From the Naqab to Jerusalem, the Israeli regime’s Judaization efforts and ethnic cleansing of Palestinian land is indeed relentless. In the summer of 2022, we saw that escalate once again, particularly around the time of the Israeli settler flag march in Jerusalem, which violently proclaims Israeli sovereignty over the city. Jalal Abukhater, a Palestinian Jerusalemite activist explained this latest escalation to us.

Jalal Abukhater 5:19

They wish to proclaim themselves sovereign in Jerusalem. The Israelis are really annoyed and really, really angered. I can see this in their media and how their journalists speak on TV during primetime shows. They really hate the sight of the Palestinian flag at Al Aqsa.

They hate the sight of the Palestinian flag being raised in the heart of Jerusalem. They feel like that touches the issue of sovereignty so hard and they lobby and pressure the government. And there are thousands who do this and they even do polls on Channels 12 and 13 of Israeli society, and everyone is supportive of the measures to suppress Palestinian flags and Palestinian presence in Jerusalem, and they become, Like an angry bull, which is just seeking to take down any Palestinian flag in Jerusalem and this behavior of them wanting to exert forcefully subjugate Palestinians in Jerusalem and claim sovereignty, this behavior is leading to all the trouble we keep witnessing because that’s what they want. They want a pure Israeli Jerusalem. They don’t want any kind of resemblance of Palestinian identity in Jerusalem.

This is a war over sovereignty. Their people are angry over Palestinian flags in Jerusalem. So the Israeli forces in occupied Jerusalem, they want to forcefully proclaim sovereignty. They wanna forcefully send those thugs and hooligans, thousands of them into our streets to become violent and raise the Israeli flag. They want to defend them, protect them. They want to put the flag in our faces, even if that means violence against us, against our homes, against our women and children.

They really, really, really just want to raise the Israeli flag at Al Aqsa, and not just Al Aqsa, it’s a symbolic thing, but they want the Israeli flag to be the identity representing Jerusalem and anything else does not pass with them. That’s why they become like just angry bulls, especially whenever Palestinians proclaim their identity in the city of Jerusalem.

Yara Hawari 7:05

Later in the summer in August, the Israeli regime launched a new assault on Gaza, killing 44 Palestinians, including at least 16 children, as well as damaging vital infrastructure. The attack on Gaza was part of a larger Israeli strategy to quash resistance across Palestine. Indeed, prior to the assault on Gaza, the Israeli regime army have been invading and raiding the Northern West Bank city of Jenin for quite a few months.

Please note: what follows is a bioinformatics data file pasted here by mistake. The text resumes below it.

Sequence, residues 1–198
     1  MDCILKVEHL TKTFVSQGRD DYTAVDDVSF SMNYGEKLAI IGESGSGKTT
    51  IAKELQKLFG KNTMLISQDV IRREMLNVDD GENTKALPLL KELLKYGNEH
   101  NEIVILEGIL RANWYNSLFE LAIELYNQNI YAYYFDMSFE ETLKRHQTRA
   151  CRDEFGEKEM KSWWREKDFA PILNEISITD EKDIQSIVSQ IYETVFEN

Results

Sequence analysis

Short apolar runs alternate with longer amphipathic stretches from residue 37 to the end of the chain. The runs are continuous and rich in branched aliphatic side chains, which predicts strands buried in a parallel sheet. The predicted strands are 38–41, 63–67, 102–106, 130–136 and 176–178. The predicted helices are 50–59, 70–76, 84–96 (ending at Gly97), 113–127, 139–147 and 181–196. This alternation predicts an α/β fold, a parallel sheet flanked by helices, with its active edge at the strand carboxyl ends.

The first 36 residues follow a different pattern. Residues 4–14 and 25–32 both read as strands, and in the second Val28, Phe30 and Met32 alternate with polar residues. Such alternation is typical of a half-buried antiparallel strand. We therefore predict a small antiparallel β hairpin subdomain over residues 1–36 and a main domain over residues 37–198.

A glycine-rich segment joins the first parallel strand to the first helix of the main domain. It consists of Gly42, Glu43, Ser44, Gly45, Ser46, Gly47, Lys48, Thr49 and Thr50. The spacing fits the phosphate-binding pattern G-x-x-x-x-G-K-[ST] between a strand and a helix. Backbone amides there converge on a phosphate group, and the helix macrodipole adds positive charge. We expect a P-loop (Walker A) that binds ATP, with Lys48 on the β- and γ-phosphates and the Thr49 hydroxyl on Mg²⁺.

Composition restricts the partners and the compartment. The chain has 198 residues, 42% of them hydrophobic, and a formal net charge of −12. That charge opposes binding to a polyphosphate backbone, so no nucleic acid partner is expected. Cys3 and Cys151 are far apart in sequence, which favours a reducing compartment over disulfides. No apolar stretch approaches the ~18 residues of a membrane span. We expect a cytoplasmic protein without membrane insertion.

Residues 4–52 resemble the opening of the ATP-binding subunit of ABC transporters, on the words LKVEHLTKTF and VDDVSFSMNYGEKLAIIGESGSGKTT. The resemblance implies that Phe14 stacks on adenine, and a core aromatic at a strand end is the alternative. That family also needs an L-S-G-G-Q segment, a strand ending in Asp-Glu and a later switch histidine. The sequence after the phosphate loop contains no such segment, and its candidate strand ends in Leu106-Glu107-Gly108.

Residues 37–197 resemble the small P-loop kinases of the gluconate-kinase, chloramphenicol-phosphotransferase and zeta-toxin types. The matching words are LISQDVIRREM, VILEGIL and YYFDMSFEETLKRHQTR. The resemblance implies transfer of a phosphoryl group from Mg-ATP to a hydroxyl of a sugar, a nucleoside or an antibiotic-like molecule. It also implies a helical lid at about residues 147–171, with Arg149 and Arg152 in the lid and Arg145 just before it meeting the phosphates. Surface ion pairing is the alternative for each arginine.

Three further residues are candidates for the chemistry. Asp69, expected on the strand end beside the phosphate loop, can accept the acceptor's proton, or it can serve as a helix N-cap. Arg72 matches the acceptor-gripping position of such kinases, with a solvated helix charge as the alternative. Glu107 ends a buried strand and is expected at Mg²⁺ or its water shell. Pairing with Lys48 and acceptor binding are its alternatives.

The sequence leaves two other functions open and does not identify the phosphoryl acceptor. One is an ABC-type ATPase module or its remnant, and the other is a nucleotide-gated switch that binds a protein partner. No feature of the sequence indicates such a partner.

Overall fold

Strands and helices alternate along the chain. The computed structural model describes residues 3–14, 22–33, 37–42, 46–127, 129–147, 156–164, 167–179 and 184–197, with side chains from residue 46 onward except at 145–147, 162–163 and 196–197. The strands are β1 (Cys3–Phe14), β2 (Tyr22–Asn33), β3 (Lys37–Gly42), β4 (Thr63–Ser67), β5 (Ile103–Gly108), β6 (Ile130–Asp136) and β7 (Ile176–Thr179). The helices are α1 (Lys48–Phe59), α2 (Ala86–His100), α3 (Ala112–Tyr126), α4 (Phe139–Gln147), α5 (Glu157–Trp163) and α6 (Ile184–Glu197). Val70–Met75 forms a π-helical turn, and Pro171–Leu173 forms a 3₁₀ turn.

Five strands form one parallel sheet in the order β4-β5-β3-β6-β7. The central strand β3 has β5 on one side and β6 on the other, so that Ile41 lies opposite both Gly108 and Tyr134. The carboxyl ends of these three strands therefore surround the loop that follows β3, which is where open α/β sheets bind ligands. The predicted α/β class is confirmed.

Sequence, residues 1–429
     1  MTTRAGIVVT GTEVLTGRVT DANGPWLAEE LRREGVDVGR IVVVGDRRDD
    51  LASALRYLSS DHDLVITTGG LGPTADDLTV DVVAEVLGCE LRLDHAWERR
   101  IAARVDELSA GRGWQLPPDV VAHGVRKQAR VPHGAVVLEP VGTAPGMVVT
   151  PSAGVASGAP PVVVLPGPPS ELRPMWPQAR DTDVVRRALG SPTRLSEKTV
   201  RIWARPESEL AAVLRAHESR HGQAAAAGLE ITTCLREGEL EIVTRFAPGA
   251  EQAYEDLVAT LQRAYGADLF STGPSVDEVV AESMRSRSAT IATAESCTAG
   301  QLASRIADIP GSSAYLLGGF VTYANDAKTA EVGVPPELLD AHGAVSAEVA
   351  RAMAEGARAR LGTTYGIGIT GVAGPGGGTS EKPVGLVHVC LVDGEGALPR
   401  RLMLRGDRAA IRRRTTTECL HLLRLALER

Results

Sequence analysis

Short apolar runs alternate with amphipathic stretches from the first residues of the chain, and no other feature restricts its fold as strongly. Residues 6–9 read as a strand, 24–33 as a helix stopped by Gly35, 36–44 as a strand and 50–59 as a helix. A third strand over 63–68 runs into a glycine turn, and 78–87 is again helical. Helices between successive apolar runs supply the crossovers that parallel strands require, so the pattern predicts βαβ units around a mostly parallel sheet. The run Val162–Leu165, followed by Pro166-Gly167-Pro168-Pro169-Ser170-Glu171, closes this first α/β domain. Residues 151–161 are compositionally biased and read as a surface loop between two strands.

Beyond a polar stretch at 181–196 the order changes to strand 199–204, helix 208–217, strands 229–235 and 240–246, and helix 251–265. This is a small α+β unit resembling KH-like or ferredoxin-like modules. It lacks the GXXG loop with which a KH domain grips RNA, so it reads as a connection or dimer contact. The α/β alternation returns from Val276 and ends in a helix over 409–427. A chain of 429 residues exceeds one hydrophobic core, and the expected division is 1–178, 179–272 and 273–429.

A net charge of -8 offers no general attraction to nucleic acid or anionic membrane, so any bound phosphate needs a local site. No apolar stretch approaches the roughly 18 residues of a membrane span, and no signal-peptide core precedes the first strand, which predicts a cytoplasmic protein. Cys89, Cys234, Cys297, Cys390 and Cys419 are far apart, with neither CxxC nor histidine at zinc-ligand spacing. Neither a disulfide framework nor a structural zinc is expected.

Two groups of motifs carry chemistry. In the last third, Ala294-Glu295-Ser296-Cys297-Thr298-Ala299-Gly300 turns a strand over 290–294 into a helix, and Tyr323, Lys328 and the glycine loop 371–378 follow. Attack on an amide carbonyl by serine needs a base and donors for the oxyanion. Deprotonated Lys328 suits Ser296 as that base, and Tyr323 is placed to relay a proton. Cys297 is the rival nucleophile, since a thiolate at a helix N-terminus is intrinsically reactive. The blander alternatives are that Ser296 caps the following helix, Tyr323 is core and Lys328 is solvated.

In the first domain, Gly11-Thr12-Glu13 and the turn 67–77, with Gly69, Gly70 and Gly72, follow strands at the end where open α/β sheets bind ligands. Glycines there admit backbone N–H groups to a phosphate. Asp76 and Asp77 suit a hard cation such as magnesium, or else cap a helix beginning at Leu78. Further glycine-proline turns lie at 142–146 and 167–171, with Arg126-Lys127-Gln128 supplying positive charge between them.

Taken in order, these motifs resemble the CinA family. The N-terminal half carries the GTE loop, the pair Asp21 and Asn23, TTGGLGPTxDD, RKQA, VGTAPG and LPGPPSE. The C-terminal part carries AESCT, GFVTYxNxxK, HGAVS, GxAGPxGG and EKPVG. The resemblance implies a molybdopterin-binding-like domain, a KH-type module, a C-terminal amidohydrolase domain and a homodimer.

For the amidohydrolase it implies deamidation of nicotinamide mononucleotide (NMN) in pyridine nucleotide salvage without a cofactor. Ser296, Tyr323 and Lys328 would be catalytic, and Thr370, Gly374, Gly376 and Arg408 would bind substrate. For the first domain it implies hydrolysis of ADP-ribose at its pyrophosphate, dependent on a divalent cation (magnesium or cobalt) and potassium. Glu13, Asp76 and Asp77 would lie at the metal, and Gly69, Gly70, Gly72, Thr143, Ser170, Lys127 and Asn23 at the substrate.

One such raid saw the murder of veteran journalist, Shireen Abu Akleh by Israeli soldiers. Following the so-called ceasefire between the Israeli regime and Islamic Jihad in Gaza, we also saw the Israeli army raid and invade the old city of Nablus in which it killed three Palestinian resistance fighters.

Dr. Ibrahim Freihat, associate professor in International Conflict Resolution at the Doha Institute for Graduate Studies and Al-Shabaka policy member got to the crux of how all of this forms part of a large Israeli strategy to crush Palestinian armed resistance.

Ibrahim Freihat 8:04

In order to read this strategy, really we have to look at the targets that Israel is attacking by no means as Israel declared that they’re targeting Islamic Jihad, that the target was only Islamic Jihad. Ibrahim al-Nabulsi was an extension of the Gaza bombing. Ibrahim al-Nabulsi was a Fatah leader from Kataeb Shuhada’ Al-Aqsa, Al-Aqsa Brigades and Fatah is the ruling party in Palestine and led by Mahmoud Abbas. It’s the party that’s engaging in negotiations since 1993, since the Oslo Accords. But nevertheless, that did not exempt them from being targeted with the assassinations in Nablus, and not only in Nablus, Yara, but also in Jenin.

So who were fighting in Jenin? It was mainly taking the lead of the Fatah Aqsa Brigade in Jenin camp, and also Islamic Jihad was taking the lead there. So it wasn’t only about the Islamic Jihad, it was about the military wings of the Fatah ruling party in Palestine that were attacked in Jenin, and also later on in Nablus.